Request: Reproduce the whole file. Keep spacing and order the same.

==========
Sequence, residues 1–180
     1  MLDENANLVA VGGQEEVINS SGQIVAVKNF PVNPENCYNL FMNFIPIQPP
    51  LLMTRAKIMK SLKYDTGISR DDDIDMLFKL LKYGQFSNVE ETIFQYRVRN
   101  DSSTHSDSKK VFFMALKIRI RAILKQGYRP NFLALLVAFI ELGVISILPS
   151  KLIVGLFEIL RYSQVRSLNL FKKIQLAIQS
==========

Sequence, residues 1–180
     1  MLDENANLVA VGGQEEVINS SGQIVAVKNF PVNPENCYNL FMNFIPIQPP
    51  LLMTRAKIMK SLKYDTGISR DDDIDMLFKL LKYGQFSNVE ETIFQYRVRN
   101  DSSTHSDSKK VFFMALKIRI RAILKQGYRP NFLALLVAFI ELGVISILPS
   151  KLIVGLFEIL RYSQVRSLNL FKKIQLAIQS